Traditional turbidity sensors usually have a light-emitting diode (LED) as the light emitter and a photodiode as the light receiver. Such diodes are semiconductor elements, which usually have a temperature dependency of their photoelectrical properties. For example, in the case of many LEDs, a reduction of the radiated luminous power with increasing temperature can be observed. In reverse, in the case of photodiodes an increase of sensitivity with increasing temperature can often be observed. In general, it cannot be assumed that the decreasing luminous power on the emitter side and the increasing sensitivity on the receiver side compensate completely for each other. The sensor as a whole therefore often has a temperature dependency of the sensor output signal.

This temperature dependency is a problem in that in the case of washing machines and dishwashers of the kind considered here, the temperature of the washing water, i.e. the ambient temperature acting on the opto-electrical components of the sensor, can vary relatively strongly during a cleansing cycle. For example, the temperature at the start of the cleansing cycle can correspond approximately to the normal temperature (e.g. 20 C.), and during the cleansing cycle it can rise to 60 C. or above. Simply because of this temperature rise, the output signal of the sensor changes. Additionally, during the cleansing cycle, the turbidity of the washing water changes, which also results in a change of the output signal of the sensor. Both effects, i.e. temperature increase and change of turbidity, therefore affect the sensor output signal. However, with the turbidity sensor only the turbidity of the washing water should be measured, so that the temperature effect is a disturbance variable, and a possible way of compensating for it should be sought.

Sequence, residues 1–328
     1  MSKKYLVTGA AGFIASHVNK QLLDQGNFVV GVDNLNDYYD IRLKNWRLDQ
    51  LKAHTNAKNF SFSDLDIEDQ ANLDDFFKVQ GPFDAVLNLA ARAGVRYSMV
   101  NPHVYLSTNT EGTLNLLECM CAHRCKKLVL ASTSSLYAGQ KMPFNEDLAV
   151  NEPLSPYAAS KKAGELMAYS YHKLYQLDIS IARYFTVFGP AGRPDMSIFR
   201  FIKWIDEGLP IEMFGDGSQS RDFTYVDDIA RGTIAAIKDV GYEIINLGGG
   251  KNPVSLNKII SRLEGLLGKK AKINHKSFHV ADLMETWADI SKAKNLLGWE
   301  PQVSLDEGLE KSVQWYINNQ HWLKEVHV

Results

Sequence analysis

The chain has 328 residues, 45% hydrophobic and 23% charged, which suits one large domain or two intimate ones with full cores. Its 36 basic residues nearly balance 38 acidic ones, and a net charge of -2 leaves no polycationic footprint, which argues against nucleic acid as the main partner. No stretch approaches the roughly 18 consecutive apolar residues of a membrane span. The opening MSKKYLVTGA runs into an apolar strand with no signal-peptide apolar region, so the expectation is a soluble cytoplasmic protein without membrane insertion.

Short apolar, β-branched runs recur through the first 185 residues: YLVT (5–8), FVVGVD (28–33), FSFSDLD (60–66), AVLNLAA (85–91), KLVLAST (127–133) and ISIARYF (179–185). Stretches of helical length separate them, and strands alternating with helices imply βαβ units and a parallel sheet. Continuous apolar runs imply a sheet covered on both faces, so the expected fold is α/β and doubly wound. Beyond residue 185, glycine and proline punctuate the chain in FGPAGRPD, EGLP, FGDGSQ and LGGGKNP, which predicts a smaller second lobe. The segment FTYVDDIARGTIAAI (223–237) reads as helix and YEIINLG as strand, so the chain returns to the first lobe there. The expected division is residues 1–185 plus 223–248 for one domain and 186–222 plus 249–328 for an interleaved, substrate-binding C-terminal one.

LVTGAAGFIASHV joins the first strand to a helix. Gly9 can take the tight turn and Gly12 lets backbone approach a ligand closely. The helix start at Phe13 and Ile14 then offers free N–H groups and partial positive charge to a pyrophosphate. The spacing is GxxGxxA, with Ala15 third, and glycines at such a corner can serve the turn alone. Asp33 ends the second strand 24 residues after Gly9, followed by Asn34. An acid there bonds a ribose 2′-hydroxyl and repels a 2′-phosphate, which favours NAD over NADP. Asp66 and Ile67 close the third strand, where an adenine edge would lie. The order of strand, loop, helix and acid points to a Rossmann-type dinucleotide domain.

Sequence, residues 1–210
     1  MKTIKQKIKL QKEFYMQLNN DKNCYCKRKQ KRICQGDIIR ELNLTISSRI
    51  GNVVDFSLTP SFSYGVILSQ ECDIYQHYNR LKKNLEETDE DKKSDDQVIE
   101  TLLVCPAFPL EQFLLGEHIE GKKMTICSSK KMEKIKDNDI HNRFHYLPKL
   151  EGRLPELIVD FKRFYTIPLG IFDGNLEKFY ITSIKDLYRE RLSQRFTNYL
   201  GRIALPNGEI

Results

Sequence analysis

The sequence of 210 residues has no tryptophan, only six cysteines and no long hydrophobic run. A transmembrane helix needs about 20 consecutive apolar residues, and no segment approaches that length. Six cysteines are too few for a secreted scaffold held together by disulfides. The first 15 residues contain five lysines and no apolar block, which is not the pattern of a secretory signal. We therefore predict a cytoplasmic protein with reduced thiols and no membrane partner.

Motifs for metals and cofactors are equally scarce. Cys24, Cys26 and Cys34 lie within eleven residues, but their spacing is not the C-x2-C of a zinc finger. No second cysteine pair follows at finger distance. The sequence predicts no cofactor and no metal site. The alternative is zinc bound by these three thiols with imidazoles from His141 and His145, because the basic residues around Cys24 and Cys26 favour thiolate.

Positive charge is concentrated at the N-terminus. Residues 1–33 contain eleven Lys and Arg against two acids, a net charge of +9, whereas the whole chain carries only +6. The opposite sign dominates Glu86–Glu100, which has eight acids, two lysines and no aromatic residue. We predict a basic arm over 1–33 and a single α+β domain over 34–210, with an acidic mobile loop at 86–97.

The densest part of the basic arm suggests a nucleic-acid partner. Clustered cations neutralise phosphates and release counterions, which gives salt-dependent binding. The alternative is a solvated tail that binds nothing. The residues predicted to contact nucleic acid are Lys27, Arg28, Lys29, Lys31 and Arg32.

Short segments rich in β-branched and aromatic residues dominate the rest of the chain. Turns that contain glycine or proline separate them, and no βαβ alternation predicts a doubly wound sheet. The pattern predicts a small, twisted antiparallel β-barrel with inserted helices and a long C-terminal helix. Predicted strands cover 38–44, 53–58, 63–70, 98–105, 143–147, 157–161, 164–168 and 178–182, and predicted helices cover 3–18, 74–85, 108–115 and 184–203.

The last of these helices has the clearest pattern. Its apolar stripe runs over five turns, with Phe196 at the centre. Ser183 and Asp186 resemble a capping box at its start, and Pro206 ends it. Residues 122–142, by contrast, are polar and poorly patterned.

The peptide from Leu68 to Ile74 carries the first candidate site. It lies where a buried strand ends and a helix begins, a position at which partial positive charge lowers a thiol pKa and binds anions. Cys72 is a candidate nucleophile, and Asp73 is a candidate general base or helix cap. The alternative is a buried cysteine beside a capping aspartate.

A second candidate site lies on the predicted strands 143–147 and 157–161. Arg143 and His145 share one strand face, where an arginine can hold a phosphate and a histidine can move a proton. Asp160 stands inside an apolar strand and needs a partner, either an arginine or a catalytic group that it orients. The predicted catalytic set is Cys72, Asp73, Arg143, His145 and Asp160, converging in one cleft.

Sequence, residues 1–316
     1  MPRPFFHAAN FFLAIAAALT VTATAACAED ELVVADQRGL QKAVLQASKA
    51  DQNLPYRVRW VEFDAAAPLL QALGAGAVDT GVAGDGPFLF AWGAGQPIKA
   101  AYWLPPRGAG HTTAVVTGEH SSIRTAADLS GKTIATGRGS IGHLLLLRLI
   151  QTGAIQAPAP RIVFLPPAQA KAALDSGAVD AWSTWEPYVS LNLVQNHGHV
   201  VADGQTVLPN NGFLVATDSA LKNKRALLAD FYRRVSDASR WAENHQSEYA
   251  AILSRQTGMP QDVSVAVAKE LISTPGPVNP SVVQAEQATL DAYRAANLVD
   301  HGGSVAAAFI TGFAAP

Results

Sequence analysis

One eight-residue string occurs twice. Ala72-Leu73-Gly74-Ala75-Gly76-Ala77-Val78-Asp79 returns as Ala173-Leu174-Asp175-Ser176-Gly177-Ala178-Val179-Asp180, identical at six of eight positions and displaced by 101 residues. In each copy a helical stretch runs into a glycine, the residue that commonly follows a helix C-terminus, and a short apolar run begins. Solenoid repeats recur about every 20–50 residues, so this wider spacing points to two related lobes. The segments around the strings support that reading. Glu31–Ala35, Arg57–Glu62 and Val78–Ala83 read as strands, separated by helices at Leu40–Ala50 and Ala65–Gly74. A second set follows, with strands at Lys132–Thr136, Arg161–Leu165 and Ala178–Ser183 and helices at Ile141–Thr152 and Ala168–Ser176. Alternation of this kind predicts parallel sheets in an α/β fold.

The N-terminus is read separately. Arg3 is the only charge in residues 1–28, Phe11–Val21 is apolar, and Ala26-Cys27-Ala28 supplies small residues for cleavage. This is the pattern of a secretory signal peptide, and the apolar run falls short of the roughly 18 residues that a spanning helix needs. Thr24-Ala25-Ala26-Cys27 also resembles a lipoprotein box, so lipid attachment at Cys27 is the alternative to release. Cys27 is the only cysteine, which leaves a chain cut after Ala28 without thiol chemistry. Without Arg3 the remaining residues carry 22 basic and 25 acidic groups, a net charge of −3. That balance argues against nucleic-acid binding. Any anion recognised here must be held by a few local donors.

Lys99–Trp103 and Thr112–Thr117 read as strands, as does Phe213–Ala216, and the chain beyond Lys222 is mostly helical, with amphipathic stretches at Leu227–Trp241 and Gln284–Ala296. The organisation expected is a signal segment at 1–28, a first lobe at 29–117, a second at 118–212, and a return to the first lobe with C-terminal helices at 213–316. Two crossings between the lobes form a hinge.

An object of the invention is to provide an optical sensor which is suitable for use as a turbidity sensor, with temperature-compensating properties.

To achieve this object, the invention provides an optical sensor for fitting to a washing machine or dishwasher, comprising